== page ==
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The Icy Crust of the Jupiter Moon, Europa

  • Ronald Greeley
Conference paper
Part of the Solid Mechanics and Its Applications book series (SMIA, volume 94)

Abstract

Solar system exploration shows a wide variety of satellites with icy surfaces. Europa, a moon of Jupiter, is a rocky object about the size of Earth’s moon, but covered with an outer shell of water composition 150 km thick. Although the surface is frozen, it is not known if liquid water exists beneath the icy crust. Surface evidence suggests the presence of water or mobile ice in the recent past; images reveal slabs of crust that have been disrupted and moved into new positions. Other areas show zones that have been fractured, spread apart, and infilled by water-rich material. Various ice ridges, some more than 2000 km long, could represent fractures of the ice in response to tidal stresses, followed by extrusion of ductile ice or water, or they could be intrusions of thermally-driven ductile ice, or features resulting from some other process. Although some features are similar to those of terrestrial sea ice, their large size and morphology require additional explanations. This report reviews the current understanding of Europa’s ice crust and outlines plans for future exploration.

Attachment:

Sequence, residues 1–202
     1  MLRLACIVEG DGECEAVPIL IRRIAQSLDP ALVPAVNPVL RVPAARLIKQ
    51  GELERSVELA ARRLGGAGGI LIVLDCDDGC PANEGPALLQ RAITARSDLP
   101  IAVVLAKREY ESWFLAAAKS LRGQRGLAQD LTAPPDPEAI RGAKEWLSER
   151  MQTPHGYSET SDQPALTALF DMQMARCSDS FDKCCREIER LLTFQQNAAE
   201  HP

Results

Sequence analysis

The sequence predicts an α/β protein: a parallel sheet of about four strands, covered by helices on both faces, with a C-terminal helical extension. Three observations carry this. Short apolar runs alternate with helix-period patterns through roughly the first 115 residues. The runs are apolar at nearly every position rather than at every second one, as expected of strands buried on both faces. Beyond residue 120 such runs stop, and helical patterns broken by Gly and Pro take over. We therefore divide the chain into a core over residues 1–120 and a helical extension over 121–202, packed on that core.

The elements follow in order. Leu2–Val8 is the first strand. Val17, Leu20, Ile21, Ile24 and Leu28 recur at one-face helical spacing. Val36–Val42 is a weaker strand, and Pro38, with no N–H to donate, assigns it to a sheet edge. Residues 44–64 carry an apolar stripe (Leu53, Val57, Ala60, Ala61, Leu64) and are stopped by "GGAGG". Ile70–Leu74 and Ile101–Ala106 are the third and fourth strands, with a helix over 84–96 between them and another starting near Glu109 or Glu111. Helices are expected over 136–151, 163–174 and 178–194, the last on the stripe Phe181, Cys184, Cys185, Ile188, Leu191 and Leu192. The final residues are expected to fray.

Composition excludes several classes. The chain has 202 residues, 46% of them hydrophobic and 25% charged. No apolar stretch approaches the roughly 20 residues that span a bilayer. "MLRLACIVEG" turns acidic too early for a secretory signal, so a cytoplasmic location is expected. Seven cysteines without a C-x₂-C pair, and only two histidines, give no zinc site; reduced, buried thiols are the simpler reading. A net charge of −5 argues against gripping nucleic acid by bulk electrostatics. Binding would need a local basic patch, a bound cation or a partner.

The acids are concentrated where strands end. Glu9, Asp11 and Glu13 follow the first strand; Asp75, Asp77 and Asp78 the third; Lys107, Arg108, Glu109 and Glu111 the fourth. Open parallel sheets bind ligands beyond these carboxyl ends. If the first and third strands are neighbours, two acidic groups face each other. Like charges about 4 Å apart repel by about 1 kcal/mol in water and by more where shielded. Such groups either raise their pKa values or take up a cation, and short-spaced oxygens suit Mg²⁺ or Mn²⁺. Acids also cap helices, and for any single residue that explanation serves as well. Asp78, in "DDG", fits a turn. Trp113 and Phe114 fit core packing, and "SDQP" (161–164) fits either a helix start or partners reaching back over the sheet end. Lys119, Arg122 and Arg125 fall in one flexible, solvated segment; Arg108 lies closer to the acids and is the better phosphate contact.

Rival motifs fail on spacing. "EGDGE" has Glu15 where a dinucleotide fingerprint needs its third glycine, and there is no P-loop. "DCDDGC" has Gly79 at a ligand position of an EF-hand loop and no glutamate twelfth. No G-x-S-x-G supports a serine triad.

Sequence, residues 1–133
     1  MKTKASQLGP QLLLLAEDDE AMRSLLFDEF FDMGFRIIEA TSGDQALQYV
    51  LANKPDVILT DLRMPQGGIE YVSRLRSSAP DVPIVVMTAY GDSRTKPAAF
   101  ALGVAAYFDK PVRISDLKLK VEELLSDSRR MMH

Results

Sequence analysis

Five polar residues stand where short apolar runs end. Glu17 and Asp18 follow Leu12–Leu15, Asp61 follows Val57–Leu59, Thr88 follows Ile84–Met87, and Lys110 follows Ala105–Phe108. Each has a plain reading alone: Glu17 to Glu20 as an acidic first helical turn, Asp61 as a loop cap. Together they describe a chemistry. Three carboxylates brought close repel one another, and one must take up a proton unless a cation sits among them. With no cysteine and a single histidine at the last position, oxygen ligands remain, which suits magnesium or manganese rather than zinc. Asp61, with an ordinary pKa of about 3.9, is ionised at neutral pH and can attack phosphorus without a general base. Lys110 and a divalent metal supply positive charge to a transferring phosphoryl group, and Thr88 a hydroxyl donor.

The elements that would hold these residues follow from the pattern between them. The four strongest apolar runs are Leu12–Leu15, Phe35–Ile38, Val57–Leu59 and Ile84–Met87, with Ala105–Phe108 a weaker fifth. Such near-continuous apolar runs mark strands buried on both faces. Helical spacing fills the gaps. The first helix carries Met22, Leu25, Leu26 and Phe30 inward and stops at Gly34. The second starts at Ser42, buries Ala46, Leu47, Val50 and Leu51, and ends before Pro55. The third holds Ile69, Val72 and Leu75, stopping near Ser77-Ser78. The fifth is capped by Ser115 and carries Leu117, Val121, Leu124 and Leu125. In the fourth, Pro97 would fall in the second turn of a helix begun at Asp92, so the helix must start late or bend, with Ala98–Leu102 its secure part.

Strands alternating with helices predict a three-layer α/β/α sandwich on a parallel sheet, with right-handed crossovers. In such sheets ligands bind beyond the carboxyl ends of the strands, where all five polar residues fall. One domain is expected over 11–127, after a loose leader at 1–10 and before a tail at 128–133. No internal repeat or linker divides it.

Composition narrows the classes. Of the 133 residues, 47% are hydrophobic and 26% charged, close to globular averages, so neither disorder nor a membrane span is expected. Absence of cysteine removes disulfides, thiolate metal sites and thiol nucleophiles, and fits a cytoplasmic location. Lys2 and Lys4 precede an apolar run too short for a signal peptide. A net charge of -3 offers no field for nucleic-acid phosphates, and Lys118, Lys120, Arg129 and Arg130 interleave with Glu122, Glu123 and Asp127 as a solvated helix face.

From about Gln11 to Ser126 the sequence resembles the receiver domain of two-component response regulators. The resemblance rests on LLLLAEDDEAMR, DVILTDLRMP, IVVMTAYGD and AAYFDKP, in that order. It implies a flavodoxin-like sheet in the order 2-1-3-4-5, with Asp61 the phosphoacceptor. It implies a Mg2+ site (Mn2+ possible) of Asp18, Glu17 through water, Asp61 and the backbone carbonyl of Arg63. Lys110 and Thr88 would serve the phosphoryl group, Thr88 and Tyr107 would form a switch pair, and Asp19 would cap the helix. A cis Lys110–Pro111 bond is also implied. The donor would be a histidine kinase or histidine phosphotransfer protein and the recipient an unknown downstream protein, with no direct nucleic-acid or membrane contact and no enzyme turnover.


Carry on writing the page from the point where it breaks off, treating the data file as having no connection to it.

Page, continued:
Keywords

Galilean Satellite Subsurface Ocean Tidal Stress Solar System Exploration Galileo Mission 
These keywords were added by machine and not by the authors. This process is experimental and the keywords may be updated as the learning algorithm improves.

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Copyright information

© Springer Science+Business Media Dordrecht 2001

Authors and Affiliations

  • Ronald Greeley
    • 1
  1. 1.Department of Geological SciencesArizona State UniversityTempeUSA

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